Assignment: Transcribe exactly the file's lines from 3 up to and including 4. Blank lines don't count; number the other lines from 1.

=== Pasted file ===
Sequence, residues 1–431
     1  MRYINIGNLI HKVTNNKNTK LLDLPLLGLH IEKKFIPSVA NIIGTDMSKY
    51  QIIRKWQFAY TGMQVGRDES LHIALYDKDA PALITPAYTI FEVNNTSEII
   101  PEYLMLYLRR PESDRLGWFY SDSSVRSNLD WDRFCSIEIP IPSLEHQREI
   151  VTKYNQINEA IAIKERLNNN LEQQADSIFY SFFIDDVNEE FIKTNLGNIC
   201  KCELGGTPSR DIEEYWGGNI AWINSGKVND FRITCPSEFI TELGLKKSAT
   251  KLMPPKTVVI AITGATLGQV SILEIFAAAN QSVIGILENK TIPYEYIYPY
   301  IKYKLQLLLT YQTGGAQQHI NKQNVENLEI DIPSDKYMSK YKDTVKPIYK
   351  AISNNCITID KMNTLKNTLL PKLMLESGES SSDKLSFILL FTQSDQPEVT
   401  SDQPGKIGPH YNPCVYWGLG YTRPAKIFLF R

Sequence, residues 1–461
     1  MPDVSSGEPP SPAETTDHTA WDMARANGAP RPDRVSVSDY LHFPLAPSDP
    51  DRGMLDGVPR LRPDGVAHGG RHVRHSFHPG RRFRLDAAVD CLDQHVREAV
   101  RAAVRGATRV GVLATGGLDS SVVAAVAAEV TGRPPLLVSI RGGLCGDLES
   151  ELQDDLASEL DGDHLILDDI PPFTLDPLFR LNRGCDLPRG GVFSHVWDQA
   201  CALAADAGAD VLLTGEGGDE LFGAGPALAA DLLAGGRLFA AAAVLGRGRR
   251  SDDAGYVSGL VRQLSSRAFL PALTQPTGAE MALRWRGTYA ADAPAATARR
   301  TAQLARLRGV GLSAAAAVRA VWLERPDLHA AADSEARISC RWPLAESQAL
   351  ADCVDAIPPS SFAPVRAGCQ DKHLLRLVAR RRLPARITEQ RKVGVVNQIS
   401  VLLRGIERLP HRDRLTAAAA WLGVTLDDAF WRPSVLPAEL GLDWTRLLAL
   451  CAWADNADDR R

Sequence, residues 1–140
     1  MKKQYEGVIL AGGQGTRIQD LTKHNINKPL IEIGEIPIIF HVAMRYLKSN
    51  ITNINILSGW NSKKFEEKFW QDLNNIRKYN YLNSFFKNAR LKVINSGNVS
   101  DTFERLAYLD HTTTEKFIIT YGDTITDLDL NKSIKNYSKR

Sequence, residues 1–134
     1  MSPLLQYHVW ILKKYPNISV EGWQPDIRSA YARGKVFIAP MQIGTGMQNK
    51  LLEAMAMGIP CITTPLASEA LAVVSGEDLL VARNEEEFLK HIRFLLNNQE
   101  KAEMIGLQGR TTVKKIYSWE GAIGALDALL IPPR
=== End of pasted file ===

    51  QIIRKWQFAY TGMQVGRDES LHIALYDKDA PALITPAYTI FEVNNTSEII
   101  PEYLMLYLRR PESDRLGWFY SDSSVRSNLD WDRFCSIEIP IPSLEHQREI